Research suggests that racialized, queer, and trans communities experience significant health inequities. This study explored the lived experiences of four racialized, queer, and trans young adults who have engaged with healthcare services in British Columbia. Data was collected using semi-structured interviews, lasting approximately 45 minutes. Data analysis employing hermeneutic phenomenological analysis indicates several barriers to accessible healthcare. Identified themes include several challenges encompassing system navigation, limited and unavailable practitioners, financial barriers, interpersonal and medical incompetence, discrimination, and disjointed care. Participants connected these themes to negative affect, lack of motivation to seek care, and unattended health concerns. Themes revealed a subset of positive experiences relating to competency and choice of practitioners. Additionally, participants shared strategies to safeguard themselves and navigate current healthcare challenges, along with their hopes for improved services. This study also informs several areas of future research, community initiatives, and counselling practices to better advocate for and facilitate positive healthcare experiences.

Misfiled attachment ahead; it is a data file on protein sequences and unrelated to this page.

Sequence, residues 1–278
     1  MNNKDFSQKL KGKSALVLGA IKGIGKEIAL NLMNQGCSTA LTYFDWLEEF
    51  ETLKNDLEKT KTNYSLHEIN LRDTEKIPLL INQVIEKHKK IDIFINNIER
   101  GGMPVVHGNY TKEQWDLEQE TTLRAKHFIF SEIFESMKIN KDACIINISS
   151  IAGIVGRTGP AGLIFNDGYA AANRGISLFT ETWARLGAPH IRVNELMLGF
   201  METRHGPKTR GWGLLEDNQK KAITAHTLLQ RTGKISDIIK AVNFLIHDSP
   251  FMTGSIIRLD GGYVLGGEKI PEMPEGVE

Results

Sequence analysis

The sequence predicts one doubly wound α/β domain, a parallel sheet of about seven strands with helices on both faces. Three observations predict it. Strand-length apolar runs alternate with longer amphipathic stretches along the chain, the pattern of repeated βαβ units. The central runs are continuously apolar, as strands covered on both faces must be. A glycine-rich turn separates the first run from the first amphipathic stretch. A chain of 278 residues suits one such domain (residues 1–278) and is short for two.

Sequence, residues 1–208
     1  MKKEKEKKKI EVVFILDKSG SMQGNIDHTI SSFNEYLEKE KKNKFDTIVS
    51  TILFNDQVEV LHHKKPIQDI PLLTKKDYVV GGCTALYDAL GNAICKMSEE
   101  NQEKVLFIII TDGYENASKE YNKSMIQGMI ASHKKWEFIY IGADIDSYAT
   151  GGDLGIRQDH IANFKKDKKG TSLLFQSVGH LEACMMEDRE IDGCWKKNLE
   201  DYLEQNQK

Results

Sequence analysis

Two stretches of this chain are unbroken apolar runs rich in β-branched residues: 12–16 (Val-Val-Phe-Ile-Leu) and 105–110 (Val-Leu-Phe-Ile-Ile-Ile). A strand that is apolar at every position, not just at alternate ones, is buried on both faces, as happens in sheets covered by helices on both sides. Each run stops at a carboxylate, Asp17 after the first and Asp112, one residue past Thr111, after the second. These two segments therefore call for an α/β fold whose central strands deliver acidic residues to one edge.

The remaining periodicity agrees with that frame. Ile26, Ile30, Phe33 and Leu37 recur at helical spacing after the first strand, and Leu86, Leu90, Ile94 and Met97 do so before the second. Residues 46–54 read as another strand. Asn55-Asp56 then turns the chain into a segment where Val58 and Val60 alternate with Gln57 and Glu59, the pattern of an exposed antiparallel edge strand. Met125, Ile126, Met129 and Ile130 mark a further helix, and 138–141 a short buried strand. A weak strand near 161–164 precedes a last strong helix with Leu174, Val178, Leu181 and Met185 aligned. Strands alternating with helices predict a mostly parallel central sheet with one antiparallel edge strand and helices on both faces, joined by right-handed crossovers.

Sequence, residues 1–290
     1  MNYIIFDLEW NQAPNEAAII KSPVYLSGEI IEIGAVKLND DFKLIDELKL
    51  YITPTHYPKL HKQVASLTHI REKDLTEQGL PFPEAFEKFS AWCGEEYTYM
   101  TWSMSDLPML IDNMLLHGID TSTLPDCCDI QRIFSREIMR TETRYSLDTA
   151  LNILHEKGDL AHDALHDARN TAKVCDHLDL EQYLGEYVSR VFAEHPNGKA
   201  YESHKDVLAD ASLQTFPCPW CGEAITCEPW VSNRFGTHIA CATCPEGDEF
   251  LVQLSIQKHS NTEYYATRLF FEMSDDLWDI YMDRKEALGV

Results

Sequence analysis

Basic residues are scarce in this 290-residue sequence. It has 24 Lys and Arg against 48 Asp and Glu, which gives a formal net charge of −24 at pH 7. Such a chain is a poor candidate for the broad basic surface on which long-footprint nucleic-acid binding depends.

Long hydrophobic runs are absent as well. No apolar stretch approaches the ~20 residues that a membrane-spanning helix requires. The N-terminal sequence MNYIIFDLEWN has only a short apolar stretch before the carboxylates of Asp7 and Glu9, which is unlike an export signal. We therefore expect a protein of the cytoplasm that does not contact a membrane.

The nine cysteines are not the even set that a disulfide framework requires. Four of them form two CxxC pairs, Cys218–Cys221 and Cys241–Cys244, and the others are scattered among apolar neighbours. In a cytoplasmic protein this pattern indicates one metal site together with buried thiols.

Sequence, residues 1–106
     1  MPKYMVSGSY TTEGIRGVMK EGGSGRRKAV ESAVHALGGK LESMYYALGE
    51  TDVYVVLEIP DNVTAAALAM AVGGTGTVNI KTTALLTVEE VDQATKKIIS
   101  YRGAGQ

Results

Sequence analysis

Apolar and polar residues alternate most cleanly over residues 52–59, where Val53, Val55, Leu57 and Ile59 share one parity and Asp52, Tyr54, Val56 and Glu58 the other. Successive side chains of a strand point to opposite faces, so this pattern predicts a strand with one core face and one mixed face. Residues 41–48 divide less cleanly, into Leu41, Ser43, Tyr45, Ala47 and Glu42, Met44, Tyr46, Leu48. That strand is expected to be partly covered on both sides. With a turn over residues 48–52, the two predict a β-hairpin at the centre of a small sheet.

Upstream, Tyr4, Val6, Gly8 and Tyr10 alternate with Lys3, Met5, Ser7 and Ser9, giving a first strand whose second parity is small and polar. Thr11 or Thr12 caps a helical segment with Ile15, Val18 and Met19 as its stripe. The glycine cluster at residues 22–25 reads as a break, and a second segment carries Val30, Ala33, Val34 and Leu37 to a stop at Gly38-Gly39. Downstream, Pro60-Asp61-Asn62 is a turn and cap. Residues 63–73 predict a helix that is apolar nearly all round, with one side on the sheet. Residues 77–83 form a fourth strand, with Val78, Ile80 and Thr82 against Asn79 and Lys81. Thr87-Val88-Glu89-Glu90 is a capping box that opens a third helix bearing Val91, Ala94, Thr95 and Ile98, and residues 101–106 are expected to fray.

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Thesis advisor: Minami, Masahiro
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